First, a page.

Detection of Pharmaceuticals and Personal Care Products in the Rio Grande and Their Effects on a Model Aquatic Invertebrate (Rotifera, Monogononta: Plationus Patulus)
Rivers, including the Rio Grande, receive discharges from urban, agricultural, and industrial areas. These discharges have potentially harmful contaminants that may affect life span, fecundity, and/or behaviors of aquatic organisms. In this project, water quality was analyzed near a discharge point source and impacts of pharmaceuticals and personal care products (PPCPs) on a non-target organism (Plationus patulus) were investigated. Long-term and integrative organic samplers (POCIS) were left in situ for about 1 month near a wastewater treatment plant that discharges effluent into the Rio Grande. Over 40 PPCPs, including carbamazepine (ranging from 17.50 to 584.29 ng/L), erythromycin (ranging from 0.51 to 30.15 ng/L), gemfibrozil (ranging from 0.92 to 238.62 ng/L), ofloxacin (ranging from 446.43 to 687.13 ng/L), sulfamethoxazole (ranging from 2.44 to 269.86 ng/L), and trimethoprim (ranging from 0.81 to 118.77 ng/L) were detected in the river. Once PPCPs were identified, four antibiotics were selected to conduct acute (LC50) and chronic toxicity assessments using the riverine rotifer, Plationus patulus. The LC50 for P. patulus exposed to erythromycin for 48h was 39.5 mg/L, 821.8 mg/L for ofloxacin, and 170.3 mg/L for trimethoprim (Probit analysis, p=0.001). These compounds caused negative population growth rates (r) and reduced fecundity (Ro) as well as inhibited egg eclosion and increased egg detachment at sublethal concentrations during chronic exposures. Negative effects similar to those observed during exposures of the three individual PPCPs were seen when P. patulus was exposed to a mixture of them. These results show that wastewater treatment discharges may be a source of PPCP contamination in the Rio Grande and these compounds may have negative effects on the ecology river. Future work should include determining acute toxicity for the remaining frequently detected compounds and assessing their effects on endpoints such as mortality, reproduction, and swimming behavior. The results of this study give a better understanding of which PPCPs are entering surface waters in the El Paso/Ciudad Juarez stretch of the Rio Grande and how they are potentially affecting aquatic life. Also, these results are contributing evidence that may be used to determine permissible concentrations of PPCPs in wastewater discharges and regulatory guidelines for management of surface waters.^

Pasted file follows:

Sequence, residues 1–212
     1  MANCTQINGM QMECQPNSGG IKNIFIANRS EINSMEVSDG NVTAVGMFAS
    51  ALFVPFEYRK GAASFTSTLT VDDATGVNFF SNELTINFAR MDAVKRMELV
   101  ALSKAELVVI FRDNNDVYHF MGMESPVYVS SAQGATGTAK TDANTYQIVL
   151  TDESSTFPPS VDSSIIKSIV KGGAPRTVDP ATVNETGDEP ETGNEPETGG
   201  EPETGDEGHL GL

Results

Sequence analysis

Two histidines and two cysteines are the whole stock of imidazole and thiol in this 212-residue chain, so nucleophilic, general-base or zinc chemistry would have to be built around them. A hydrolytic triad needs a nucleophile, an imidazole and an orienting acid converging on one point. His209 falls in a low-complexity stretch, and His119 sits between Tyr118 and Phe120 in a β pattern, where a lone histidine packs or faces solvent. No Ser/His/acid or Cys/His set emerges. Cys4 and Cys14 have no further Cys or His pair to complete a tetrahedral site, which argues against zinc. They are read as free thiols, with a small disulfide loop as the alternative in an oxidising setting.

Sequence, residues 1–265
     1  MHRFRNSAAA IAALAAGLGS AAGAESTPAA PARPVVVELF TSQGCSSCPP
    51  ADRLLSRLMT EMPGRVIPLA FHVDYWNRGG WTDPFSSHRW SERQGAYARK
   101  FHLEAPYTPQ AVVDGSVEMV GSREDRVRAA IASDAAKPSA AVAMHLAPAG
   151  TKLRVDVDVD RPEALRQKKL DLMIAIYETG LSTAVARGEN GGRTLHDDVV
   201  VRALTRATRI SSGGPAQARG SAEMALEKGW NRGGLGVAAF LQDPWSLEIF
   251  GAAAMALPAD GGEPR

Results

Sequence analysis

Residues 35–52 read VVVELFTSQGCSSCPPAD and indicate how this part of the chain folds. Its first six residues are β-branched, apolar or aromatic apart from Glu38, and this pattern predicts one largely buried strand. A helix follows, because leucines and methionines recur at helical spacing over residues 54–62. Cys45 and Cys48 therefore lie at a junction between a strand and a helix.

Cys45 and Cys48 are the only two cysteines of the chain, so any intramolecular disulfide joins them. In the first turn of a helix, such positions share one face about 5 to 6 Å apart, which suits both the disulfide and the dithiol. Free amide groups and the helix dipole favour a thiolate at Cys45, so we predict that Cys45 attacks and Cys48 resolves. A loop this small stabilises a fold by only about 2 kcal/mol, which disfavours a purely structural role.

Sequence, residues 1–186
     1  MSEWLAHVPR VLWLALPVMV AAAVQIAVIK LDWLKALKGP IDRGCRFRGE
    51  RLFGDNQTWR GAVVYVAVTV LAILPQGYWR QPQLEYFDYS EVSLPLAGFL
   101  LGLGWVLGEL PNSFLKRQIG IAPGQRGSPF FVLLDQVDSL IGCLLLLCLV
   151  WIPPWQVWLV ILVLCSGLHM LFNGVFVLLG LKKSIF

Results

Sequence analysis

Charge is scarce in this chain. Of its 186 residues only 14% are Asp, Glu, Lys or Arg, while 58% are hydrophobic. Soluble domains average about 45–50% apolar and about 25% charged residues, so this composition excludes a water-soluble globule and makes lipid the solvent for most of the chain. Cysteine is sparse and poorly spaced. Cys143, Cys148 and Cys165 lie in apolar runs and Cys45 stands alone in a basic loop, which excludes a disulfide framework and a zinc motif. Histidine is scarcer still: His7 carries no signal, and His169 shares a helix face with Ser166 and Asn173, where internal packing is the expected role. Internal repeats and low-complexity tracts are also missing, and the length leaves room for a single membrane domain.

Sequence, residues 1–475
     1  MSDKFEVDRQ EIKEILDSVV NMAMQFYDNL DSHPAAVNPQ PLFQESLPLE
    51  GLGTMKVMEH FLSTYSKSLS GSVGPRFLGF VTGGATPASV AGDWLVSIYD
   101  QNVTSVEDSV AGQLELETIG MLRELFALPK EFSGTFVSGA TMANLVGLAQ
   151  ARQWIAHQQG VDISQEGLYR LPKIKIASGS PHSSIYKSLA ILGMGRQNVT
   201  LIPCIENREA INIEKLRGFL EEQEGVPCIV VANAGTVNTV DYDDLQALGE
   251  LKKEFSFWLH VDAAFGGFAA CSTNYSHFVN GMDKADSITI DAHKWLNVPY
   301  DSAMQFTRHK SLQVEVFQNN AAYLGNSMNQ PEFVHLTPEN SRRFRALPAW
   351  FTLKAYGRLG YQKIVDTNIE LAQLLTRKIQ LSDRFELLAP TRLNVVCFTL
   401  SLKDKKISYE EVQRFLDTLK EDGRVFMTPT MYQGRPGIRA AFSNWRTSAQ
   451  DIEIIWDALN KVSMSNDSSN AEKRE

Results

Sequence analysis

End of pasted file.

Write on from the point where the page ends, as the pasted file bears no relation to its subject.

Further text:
Garcia, Enrique David, "Detection of Pharmaceuticals and Personal Care Products in the Rio Grande and Their Effects on a Model Aquatic Invertebrate (Rotifera, Monogononta: Plationus Patulus)" (2018). ETD Collection for University of Texas, El Paso. AAI13424718.